Master Cells Which Help Breast Cancers Grow Discovered by US Scientists

A compound that appears to target the master cells which help breast cancers grow and spread has been discovered by US scientists.

In tests in mice, salinomycin killed breast cancer stem cells far more effectively than some existing drugs, and slowed tumour growth.

The drug, a farm antibiotic, has yet to be tested in humans, the journal Cell reports.

But UK experts warned a human version could be some years away , BBC News reports.

Eric Lander, director of the Broad Institute in Boston, a leader of the research and a scientific adviser to President Obama, said: “Many therapies kill the bulk of a tumour only to see it regrow. This raises the prospect of new kinds of anti-cancer therapies.”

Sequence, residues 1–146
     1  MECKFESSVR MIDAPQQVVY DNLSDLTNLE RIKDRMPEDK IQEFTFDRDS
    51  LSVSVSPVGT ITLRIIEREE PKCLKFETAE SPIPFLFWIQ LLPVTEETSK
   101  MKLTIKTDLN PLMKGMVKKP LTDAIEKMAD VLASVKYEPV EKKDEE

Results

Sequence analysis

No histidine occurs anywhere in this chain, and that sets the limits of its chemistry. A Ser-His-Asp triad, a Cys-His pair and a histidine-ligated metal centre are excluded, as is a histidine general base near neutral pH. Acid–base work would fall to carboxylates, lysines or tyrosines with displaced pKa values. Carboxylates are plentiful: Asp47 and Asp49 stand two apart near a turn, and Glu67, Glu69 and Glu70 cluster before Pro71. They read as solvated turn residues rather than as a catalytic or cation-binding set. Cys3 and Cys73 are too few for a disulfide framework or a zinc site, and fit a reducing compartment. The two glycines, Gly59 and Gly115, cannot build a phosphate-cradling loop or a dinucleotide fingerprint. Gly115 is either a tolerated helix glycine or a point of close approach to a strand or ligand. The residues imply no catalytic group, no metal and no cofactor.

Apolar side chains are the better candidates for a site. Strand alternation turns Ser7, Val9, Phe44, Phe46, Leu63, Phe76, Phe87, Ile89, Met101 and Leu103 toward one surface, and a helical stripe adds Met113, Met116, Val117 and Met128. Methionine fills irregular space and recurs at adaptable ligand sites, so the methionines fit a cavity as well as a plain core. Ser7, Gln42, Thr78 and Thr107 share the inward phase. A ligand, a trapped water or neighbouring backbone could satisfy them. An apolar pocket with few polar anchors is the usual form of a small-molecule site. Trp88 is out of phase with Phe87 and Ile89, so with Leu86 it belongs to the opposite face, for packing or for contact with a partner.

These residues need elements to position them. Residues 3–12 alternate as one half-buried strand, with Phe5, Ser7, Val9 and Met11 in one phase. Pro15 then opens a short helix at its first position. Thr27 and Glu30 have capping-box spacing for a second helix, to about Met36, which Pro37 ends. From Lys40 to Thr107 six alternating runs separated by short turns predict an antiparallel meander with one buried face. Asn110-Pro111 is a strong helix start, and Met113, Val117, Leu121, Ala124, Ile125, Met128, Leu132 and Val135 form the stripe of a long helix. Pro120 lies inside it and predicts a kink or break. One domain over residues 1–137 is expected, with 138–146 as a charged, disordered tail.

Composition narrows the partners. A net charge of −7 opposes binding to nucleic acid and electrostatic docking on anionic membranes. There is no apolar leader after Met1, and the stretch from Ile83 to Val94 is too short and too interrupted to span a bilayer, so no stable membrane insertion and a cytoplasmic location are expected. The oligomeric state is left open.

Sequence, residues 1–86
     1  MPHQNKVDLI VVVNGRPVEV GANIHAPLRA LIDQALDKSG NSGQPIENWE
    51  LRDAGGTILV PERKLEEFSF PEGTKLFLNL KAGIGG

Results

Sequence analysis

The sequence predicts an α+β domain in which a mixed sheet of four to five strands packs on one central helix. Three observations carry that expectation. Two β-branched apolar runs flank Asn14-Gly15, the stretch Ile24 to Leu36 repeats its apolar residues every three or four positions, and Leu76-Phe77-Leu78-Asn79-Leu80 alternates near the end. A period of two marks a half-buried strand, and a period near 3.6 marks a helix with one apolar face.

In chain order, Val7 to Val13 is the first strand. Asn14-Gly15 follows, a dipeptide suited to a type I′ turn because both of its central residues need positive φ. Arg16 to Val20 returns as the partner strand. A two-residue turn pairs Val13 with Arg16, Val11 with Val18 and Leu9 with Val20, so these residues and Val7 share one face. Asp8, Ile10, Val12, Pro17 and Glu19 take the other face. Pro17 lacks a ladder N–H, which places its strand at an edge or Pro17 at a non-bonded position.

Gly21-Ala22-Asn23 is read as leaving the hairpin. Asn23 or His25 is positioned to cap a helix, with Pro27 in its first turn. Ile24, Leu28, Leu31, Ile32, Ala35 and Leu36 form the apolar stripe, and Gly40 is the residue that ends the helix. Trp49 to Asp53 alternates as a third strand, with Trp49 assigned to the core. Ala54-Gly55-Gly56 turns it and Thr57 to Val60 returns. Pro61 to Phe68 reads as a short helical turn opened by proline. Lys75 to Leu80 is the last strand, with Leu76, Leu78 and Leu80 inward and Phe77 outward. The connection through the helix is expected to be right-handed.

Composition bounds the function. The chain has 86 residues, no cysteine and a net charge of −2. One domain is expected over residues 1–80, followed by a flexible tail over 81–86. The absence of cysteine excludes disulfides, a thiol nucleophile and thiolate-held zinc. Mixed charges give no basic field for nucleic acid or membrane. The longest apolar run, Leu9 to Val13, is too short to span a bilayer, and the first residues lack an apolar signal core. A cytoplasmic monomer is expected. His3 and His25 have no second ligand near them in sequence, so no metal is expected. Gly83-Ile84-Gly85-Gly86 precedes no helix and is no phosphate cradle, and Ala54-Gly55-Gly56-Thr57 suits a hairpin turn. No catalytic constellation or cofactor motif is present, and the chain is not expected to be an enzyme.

Though the new study, which is published in the journal Cell, investigated only breast-cancer stem cells, these master cells are also known to be involved in many other tumours.

The identification of an agent that can kill cancer stem cells, which are notoriously hard to treat, thus suggests that it may be possible to achieve similar results for other forms of cancer ,Times Online reports.

However, it may be the best part of a decade before such compounds are ready to be used on humans, the journal Cell reported.

One possibility is using the new drugs in combination with standard therapies to mop up cancer stem cells left behind by traditional treatment.

The search for the cancer stem cell killer began with a library of 16,000 natural and commercial chemical compounds ,Scottish Daily Record reports.

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